Monday, November 26, 2007

Manga Monday 53: Portus

Portus
Jun Abe

Portus is a single-volume horror manga that follows a young student, Asami, whose best friend begins to act uncharacteristically after playing the video game Portus. When her friend ends up committing suicide, Asami begins to investigate the events that led to the tragedy, and hears rumblings of an urban legend surrounding the game, and a hidden game within it.
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The art on Portus is pretty fantastic, I'd say. Particularly when something really creepy is happening, Jun Abe knows how to depict a freaky floating head or a figure blinking from a computer screen. Unfortunately, that's about the end of the positive aspects of this book. While it's visually appealing overall, a lot of events that take place are things that are too reminiscent of The Grudge or any other generic Japanese ghost story you've ever read to make it interesting in its own right. And the story just kept getting sillier as it proceeded, and in turn, became less and less frightening, killing any mood intended to keep the audience in suspense.
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The characters of the book, Asami and a pair of teachers that take it into their own hands to uncover the awful truth behind Portus to help their pupil, are as flat as characters can get. Portus focuses primarily on the action, which went by very quickly as it was, and left little room for characterization, which would be fine if the events were intriguing enough to overlook this. As it stands, however, the characters are completely forgettable and the story is too generic to make up for this shortcoming.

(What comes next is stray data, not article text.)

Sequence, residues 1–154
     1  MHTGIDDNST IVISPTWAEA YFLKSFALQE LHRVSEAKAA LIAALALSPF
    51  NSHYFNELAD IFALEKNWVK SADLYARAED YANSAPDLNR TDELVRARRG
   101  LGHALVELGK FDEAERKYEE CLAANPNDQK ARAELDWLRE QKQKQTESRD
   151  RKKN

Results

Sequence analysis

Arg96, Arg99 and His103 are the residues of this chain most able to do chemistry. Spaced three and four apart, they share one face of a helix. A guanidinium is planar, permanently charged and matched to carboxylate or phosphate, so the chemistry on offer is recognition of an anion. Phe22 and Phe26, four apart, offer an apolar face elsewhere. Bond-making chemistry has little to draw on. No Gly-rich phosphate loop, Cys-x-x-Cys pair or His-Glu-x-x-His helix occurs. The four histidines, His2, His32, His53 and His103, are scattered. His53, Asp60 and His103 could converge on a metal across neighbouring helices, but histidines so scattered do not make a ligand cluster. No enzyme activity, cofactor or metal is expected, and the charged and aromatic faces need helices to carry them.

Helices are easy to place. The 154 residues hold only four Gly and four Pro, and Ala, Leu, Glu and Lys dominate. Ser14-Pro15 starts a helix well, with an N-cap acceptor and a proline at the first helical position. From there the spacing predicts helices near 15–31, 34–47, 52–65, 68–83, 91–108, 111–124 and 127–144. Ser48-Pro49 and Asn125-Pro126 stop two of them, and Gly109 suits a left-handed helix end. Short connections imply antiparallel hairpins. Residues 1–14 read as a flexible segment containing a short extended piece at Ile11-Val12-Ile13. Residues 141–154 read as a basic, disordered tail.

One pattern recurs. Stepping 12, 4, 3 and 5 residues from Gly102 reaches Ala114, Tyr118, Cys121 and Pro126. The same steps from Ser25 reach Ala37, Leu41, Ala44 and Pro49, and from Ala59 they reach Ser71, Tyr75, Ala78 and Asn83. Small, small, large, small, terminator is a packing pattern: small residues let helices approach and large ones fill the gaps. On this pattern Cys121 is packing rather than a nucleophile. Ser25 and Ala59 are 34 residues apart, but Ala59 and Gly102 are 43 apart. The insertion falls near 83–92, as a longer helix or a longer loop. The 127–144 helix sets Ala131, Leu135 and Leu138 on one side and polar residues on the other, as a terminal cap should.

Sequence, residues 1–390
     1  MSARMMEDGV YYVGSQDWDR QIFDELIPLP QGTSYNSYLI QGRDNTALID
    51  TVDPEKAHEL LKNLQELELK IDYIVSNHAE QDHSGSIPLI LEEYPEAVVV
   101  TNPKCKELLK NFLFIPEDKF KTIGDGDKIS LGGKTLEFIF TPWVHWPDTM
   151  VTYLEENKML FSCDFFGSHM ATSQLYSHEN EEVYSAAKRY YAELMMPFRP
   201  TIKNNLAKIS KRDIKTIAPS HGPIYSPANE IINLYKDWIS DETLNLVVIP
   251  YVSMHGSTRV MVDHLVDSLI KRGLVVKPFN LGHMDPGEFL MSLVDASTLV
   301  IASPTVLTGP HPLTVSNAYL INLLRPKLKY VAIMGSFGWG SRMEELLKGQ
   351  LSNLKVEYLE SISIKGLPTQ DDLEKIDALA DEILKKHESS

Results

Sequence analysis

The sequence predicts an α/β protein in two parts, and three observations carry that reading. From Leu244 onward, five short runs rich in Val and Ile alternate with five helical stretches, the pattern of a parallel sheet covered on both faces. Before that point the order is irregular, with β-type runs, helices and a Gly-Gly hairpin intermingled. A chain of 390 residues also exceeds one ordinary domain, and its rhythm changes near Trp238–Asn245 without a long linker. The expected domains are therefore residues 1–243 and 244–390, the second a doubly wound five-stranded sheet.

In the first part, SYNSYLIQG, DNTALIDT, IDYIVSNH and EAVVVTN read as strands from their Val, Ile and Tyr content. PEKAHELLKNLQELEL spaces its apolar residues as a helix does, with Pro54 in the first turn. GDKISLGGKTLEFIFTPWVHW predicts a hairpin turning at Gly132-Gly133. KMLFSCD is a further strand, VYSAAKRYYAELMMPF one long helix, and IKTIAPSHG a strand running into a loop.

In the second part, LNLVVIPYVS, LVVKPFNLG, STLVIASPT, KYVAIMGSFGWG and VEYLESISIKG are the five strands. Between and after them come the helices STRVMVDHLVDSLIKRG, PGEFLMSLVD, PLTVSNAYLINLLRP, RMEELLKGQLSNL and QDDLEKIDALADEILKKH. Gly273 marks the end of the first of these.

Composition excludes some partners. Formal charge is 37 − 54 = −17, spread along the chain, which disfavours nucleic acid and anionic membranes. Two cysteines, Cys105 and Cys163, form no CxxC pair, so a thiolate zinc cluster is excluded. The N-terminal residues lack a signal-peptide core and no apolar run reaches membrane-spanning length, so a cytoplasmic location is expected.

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The latter half of the book is filled with flashback sequences that give motive to the angry unmerciful spirit that haunts the players of Portus' hidden game. The scenes are pretty brutal and bloody and serve to fill the reader and the protagonists on the backstory of the curse that caused all of the chaos in the first place, and to tie all of the events up nicely in the end as to how things are resolved. The short concluding sequence serves to undo that tidiness with three confusing panels that may hint that things aren't as resolved as they appear. But by the end, I didn't really care much either way. D+

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